Only recently did I work up the nerve to go to a diner or coffee shop alone.

Even now, when I do, I'll sit there hunched over my sandwich or cup of tea and cast furtive glances at all the twosomes around me, knowing exactly what they're thinking: What. A. Loser. She can't even find someone to keep her company for half an hour?

On a rational level, I am aware that no one is thinking that - they have got their own problems and a person eating a sandwich alone in New York City isn't all that attention-grabbing.

But my inner monologue in these moments reflects a greater, more persistent anxiety that everyone everywhere has more friends, more reliable sandwich-eating partners, than I do.

new paper says I'm not alone - no pun intended - in thinking this way. The paper, published in the journal Personality and Social Psychology Bulletin, suggests that we all think everyone else has more friends than we do - and we're wrong.

A team of researchers led by Ashley Whillans, who was at the time a graduate student at the University of British Columbia, conducted two studies using first-year students at UBC as participants.

For the first study, they asked more than 1,000 students how many close friends they had at school, and how many close friends they thought other UBC first-years had at school.

Results showed that many students tended to think they were less popular than everyone else. On average, first-years reported having 3.63 close friends and believed that other first-years had 4.15 close friends.

For the second study, researchers asked nearly 400 first-year students some additional questions, including how much time they spent socialising with people they'd met at school and how much time they thought other first-years spent doing the same.

Students also answered questions about their well-being and loneliness.

A similar pattern emerged: Many students guessed, incorrectly, that other students spent more time socialising.

Here's where things get really interesting. The researchers found that students who believed that their classmates had more close friends than they did also reported lower levels of well-being.

But the researchers had students in the second study fill out these surveys twice, about four to five months apart.

And they found that students who believed their classmates had slightly more close friends than they did reported making more friends in those four to five months than students who believed their classmates had many more close friends than they did.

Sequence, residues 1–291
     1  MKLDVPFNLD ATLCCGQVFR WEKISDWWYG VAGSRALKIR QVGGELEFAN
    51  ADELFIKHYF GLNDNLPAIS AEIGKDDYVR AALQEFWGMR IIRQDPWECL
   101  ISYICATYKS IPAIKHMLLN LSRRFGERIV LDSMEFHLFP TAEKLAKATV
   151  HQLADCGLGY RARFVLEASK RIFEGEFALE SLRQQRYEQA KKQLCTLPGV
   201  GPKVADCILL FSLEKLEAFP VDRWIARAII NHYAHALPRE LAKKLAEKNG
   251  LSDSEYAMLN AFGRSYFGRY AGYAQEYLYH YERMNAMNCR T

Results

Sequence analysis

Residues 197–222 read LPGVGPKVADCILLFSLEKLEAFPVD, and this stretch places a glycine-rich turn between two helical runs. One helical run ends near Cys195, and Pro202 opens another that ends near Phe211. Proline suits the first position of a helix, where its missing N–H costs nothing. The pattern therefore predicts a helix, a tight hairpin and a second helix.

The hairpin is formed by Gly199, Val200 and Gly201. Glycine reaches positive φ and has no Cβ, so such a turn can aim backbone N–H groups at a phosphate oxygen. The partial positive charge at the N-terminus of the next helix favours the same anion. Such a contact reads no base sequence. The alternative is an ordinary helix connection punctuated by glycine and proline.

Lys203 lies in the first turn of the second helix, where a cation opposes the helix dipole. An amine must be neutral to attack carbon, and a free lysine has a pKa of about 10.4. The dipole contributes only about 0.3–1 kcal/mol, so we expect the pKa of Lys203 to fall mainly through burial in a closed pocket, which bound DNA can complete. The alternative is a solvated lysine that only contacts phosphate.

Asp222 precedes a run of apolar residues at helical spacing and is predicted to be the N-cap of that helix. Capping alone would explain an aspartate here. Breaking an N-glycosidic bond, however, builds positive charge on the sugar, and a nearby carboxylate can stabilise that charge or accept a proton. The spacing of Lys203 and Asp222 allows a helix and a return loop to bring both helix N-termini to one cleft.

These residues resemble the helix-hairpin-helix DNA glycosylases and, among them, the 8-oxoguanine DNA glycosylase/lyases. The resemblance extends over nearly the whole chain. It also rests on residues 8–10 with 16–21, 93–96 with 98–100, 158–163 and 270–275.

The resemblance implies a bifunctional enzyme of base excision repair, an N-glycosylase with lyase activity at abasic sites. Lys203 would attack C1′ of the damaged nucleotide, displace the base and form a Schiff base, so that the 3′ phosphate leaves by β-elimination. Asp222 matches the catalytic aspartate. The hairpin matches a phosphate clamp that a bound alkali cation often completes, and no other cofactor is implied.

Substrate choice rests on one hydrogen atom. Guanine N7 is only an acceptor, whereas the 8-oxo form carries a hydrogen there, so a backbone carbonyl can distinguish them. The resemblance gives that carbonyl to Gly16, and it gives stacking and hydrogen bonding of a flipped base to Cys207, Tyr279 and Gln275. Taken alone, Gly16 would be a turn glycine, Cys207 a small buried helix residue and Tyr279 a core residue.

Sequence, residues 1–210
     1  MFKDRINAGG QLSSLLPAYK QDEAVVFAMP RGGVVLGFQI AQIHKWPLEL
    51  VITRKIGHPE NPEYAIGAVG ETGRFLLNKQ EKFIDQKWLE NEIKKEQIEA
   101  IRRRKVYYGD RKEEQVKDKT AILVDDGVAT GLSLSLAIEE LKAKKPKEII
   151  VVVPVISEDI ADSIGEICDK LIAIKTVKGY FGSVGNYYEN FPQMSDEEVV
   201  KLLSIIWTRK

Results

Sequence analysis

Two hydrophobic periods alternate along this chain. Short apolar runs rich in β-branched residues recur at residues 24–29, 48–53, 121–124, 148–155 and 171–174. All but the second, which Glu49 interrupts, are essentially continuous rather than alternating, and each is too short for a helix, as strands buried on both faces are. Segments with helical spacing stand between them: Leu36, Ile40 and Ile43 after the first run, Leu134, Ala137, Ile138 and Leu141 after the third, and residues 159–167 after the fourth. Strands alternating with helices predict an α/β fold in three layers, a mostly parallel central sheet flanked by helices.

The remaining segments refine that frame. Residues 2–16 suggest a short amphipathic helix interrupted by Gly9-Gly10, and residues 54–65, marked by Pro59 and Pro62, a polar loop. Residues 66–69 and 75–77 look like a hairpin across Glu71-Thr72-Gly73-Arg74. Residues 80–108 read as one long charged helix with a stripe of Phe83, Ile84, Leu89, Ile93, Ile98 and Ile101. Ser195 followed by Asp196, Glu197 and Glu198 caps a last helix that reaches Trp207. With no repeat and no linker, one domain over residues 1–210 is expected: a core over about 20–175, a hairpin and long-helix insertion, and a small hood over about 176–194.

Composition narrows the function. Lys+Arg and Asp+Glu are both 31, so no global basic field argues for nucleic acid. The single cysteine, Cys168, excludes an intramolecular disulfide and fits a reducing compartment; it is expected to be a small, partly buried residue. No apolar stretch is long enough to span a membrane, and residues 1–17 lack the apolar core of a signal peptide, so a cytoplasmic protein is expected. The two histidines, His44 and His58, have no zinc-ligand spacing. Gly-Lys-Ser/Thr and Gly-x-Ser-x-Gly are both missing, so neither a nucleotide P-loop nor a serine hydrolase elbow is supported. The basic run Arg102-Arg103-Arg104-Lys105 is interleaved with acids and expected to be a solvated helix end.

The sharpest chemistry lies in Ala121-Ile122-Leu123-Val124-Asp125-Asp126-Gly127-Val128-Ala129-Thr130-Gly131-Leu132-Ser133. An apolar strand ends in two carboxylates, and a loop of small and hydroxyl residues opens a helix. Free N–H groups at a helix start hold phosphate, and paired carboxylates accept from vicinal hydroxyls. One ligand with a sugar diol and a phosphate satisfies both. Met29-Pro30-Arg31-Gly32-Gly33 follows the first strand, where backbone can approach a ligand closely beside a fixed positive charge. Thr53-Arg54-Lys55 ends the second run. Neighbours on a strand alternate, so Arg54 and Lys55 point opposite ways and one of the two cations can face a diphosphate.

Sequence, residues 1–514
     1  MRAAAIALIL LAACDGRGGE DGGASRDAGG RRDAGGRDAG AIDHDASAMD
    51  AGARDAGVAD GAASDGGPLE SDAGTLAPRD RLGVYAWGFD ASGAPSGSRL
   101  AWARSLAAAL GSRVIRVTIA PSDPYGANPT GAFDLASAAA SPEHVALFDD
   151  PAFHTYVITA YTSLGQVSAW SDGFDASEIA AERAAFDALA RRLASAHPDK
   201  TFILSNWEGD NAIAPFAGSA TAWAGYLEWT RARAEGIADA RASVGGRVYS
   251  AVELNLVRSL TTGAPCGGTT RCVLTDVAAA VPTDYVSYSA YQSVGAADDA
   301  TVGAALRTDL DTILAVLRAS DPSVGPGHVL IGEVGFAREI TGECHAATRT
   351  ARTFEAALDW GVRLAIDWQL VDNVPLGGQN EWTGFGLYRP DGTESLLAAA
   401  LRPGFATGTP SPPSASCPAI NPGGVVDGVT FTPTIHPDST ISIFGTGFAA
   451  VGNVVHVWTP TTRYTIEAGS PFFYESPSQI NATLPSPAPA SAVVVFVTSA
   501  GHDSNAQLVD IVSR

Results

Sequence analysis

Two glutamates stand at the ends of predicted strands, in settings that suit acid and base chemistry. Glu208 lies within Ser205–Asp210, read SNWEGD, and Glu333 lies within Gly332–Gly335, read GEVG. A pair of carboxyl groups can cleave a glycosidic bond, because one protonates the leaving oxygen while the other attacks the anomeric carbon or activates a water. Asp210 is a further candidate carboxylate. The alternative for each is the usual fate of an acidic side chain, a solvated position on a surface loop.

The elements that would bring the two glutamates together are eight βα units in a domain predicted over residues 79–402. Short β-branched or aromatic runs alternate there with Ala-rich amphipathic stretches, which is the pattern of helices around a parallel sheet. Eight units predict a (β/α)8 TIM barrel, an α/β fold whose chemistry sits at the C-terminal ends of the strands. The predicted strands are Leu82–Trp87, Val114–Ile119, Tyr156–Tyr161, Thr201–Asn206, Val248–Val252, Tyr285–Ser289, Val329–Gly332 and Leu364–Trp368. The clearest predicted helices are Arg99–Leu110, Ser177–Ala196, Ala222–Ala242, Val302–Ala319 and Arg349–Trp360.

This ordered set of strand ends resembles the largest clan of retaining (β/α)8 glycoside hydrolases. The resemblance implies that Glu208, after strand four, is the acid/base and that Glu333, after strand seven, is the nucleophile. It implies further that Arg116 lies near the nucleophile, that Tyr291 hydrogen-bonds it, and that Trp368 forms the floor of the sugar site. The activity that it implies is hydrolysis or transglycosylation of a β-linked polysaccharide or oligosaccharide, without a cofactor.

That is to say: Feeling a bit bad about yourself can, at least to some extent, be a motivating factor. Earlier research suggests that comparing yourself to others is generally a bad idea, because you may only see positive emotions and assume that you're the only one struggling.

This study suggests the effects of social comparison are perhaps more nuanced than they appear.

It's possible that these findings can be explained by what mathematicians call the friendship paradox.

As Steven Strogatz writes in The New York Times, a group of friends on average has a higher number of friends than the individuals in the group.

That's because the average is weighted: "Popular friends … contribute disproportionately to the average, since besides having a high [friend] score, they're also named as friends more frequently."

The researchers acknowledge the friendship paradox, but say it's unlikely that it explains their findings because they asked participants to estimate the number of friends that the average first-year has, and not one of their own friends.

It's also possible that these results don't extend beyond college first-years - though I personally get the "everyone's more popular than I am" feeling all the time.

I suppose, whether you're a college student or a full-fledged adult, it comes down to some good old self-talk: I feel this way, but it doesn't necessarily reflect reality. It's something I'll try on my next solo lunch date.

This article was originally published by Business Insider.